Here are seven major companies whose shares moved on the week’s news.
The Dow and S&P 500 closed higher as investors brushed off worries about a fresh wave of coronavirus infections and its impact on the economic recovery.
U.S. stocks dropped as investors continued to back away from bets on a smooth reopening from the coronavirus shutdowns.
More people are dying from Covid-19 in Brazil than anywhere else in the developing world. Yet foreign investors are putting more money into Brazilian stocks than they are taking out for the first time in months.
U.S. stocks advanced, while mainland Chinese shares extended a winning streak for a seventh consecutive day.
U.S. companies scrambling to withstand the coronavirus pandemic unveiled in the second quarter their steepest dividend cuts since 2009, though the pace of cuts appears to have slowed.
The Dow fell as investors grew anxious that the recent rally has gone too far, given the patchy economic recovery.
Shares of Square have jumped 15% over the past week to close at a record on Monday.
The Dow industrials and S&P 500 jumped following the holiday weekend, lifted by shares of everything from medical technology companies to banks.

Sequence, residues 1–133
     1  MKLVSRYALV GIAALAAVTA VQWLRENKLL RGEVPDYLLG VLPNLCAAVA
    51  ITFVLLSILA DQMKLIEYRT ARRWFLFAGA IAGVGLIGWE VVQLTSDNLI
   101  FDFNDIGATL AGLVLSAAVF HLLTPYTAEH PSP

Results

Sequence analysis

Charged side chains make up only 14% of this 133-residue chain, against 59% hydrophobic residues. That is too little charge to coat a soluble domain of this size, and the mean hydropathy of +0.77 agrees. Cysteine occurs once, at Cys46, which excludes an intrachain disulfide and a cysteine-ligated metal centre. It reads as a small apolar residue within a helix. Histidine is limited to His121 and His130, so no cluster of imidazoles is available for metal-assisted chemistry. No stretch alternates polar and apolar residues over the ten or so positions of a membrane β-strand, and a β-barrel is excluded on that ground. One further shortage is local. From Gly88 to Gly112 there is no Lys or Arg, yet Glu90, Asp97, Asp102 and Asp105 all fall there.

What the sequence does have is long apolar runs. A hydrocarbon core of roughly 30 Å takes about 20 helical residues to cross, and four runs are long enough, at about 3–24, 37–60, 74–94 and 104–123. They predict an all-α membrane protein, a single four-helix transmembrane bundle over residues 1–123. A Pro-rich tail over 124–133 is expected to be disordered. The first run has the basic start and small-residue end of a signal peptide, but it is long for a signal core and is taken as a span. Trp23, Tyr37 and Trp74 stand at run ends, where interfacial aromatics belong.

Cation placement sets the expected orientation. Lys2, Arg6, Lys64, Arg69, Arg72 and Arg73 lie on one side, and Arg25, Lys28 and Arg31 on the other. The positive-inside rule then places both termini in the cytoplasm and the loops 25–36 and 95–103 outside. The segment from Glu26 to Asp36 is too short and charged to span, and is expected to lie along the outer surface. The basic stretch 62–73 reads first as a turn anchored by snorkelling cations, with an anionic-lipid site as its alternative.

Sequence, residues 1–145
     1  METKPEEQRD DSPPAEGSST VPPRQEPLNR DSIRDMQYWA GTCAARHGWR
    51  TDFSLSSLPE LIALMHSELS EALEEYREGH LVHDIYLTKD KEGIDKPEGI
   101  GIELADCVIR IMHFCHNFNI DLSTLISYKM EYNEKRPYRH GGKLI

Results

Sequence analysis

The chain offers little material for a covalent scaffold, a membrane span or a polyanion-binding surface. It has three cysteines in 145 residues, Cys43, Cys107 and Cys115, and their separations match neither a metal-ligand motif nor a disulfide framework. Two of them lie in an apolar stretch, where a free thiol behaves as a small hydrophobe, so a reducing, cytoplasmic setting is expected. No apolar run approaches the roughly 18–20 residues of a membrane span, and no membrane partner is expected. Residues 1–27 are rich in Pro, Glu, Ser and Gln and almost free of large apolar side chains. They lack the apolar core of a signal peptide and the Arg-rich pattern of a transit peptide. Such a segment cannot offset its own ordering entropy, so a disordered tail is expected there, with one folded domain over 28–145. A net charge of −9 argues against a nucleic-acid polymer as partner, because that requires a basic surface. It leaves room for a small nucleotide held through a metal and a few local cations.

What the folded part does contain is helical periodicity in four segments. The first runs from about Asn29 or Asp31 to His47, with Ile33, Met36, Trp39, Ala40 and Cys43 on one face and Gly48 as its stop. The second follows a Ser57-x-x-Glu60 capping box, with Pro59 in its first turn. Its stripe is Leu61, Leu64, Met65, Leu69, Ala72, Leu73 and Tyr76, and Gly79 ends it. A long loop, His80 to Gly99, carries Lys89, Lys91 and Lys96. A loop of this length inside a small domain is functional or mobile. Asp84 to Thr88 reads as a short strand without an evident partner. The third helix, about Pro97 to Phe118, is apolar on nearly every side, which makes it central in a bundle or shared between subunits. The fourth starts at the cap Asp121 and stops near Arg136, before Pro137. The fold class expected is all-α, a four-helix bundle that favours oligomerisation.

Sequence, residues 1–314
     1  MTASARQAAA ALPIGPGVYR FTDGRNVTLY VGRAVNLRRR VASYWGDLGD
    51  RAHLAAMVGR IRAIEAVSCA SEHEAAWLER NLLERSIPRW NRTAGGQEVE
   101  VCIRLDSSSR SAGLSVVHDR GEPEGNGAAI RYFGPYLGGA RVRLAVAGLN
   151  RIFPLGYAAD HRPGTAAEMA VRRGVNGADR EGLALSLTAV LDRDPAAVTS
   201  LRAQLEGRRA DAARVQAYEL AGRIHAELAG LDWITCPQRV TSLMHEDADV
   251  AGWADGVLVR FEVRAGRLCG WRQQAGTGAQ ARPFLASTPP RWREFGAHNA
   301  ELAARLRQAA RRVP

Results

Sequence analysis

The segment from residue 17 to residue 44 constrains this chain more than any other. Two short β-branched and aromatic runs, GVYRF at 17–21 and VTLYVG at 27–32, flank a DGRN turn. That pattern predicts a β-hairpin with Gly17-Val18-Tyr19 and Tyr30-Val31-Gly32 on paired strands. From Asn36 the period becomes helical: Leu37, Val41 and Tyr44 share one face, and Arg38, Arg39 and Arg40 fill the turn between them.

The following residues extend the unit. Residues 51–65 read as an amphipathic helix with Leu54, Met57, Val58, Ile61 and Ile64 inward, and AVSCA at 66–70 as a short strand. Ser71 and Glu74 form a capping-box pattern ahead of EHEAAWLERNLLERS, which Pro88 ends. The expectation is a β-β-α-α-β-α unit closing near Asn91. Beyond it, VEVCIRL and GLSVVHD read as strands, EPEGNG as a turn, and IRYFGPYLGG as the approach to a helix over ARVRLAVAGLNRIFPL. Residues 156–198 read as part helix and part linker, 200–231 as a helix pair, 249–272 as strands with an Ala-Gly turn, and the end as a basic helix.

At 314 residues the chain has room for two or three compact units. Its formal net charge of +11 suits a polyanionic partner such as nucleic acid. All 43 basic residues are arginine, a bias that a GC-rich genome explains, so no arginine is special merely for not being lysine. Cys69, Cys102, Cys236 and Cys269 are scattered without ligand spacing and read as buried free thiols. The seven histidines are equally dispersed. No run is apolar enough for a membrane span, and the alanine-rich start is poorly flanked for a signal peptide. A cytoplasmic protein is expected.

Semiconductor Manufacturing International is preparing a $6.55 billion stock offering on Shanghai’s high-tech STAR market, as China moves to shore up its semiconductor capabilities amid heightened tensions with the U.S.
The S&P 500’s health-care sector finished June as the second-worst performer of the index’s 11 groups, a shift from earlier this year when the stocks offered shelter during market turbulence.
European stocks fell, with trading volumes down as American markets were shut for the Independence Day holiday and investors took stock of a surge in coronavirus infections in the U.S.
The Dow industrials and S&P 500 climbed after the June employment report showed the economy gained more jobs than expected last month.
The Cboe Volatility Index has fallen this week as U.S. stocks staged a rebound amid optimism about an economic bounce and the Federal Reserve’s stimulus.
The S&P 500 rose in the first session of July after data showed the labor market continued to improve last month.
U.S. stocks wrapped up their best quarter in more than two decades, a remarkable rally after the coronavirus pandemic brought business around the world to a virtual standstill.
The Dow industrials climbed more than 500 points as investors weighed the rise in coronavirus infections with the likelihood of future lockdowns and the continuation of easy monetary policy.
The embattled Chinese coffee chain said it no longer plans to appeal a decision by the Nasdaq Stock Market to delist its shares, effectively ending its one-year run as a U.S. publicly listed company.
The Dow industrials and S&P 500 ended the week with losses as a rapid increase in daily coronavirus infections in some states prompted speculation about new restrictions and a slowdown in the economy reopening.
A pandemic ended a U.S. bull market and pushed the financial system to the brink of collapse. Then stocks rallied, only to stall again. Investors are still piecing together what happened.